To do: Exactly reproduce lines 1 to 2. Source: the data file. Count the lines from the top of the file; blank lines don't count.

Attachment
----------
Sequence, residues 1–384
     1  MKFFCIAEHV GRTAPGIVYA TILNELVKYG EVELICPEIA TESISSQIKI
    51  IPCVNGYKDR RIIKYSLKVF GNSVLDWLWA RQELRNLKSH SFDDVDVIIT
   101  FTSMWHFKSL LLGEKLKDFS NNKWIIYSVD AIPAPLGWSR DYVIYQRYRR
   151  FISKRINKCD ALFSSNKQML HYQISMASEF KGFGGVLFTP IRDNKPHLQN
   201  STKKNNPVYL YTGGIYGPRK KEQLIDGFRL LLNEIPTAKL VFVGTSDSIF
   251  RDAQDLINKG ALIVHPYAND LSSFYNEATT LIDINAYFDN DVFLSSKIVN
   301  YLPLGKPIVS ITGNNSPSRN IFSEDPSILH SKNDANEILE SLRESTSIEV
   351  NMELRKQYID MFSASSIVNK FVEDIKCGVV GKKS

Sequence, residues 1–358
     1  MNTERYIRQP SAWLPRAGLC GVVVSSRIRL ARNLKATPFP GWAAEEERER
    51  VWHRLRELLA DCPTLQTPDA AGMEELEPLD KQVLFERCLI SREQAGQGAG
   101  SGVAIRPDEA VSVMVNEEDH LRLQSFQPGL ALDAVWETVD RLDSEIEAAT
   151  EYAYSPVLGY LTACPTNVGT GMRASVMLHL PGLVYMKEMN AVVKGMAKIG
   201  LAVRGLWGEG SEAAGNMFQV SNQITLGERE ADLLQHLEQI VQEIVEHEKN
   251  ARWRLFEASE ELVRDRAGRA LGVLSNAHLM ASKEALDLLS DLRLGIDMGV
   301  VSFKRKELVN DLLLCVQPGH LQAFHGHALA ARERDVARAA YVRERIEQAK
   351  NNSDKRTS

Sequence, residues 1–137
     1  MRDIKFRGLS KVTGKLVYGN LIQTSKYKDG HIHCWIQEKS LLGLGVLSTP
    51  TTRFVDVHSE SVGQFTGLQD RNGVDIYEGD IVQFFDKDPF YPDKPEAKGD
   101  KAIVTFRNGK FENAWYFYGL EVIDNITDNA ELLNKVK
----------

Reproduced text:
Sequence, residues 1–384
     1  MKFFCIAEHV GRTAPGIVYA TILNELVKYG EVELICPEIA TESISSQIKI